CARACAS (Reuters) - Venezuela’s pro-government Constituent Assembly on Tuesday stripped seven opposition legislators of parliamentary immunity after they joined rallies on April 30 amid a failed uprising aimed at ousting President Nicolas Maduro.
The country’s Supreme Court earlier had said the legislators should be investigated for crimes including conspiracy, treason and rebellion. It did not specify which actions the lawmakers had taken that could be considered criminal.
The lawmakers in question include Henry Ramos, former chief of the legislature, and Edgar Zambrano, currently the legislature’s vice president.
“The usurper Supreme Court believes that by attempting to illegally violate the parliamentary immunity of our deputies it will slow the struggle of an entire country to escape this tragedy,” Zambrano wrote via Twitter, in response to the Supreme Court’s announcement. “They’re wrong.”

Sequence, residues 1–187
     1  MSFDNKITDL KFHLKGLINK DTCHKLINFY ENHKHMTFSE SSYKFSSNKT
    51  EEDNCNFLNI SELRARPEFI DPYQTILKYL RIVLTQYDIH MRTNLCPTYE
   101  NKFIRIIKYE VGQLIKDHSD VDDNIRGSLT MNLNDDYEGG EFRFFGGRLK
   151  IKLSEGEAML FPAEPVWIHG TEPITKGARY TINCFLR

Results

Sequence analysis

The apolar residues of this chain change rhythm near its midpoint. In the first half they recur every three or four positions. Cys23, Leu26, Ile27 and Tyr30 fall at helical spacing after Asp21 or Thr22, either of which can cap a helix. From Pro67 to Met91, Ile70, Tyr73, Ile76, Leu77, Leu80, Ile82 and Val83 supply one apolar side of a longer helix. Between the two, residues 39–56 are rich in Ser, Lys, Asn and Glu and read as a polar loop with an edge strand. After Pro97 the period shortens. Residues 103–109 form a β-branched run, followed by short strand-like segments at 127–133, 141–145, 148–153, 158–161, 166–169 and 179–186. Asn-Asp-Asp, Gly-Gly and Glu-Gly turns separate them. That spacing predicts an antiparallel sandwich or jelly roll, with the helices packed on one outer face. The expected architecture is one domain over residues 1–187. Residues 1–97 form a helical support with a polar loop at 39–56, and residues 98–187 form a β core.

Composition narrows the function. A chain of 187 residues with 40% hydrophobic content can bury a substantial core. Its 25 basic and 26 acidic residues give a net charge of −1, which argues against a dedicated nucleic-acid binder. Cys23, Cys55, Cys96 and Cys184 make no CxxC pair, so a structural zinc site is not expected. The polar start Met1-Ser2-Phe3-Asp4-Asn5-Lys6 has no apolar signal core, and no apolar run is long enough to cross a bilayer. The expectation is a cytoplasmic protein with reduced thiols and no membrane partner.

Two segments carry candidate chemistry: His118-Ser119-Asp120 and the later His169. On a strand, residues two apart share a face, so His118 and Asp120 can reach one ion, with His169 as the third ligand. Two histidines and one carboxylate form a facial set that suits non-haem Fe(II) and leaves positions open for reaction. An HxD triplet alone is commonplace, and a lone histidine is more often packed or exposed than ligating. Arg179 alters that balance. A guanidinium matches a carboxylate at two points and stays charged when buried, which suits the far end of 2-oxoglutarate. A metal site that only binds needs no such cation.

On April 30, opposition leader Juan Guaido tried to spark a military uprising to oust Maduro, but there were no widespread defections among soldiers and the plan fizzled out. Maduro denounced it as a coup attempt.
In April, following a similar request from the Supreme Court, the Constituent Assembly approved a measure allowing for a future trial of Guaido - who in January invoked the constitution to assume an interim presidency.
Guaido has described Maduro as a usurper, calling his 2018 re-election fraudulent. The United States and most other Western nations have recognised Guaido as Venezuela’s legitimate leader.
Reporting by Angus Berwick and Luc Cohen; editing by Leslie Adler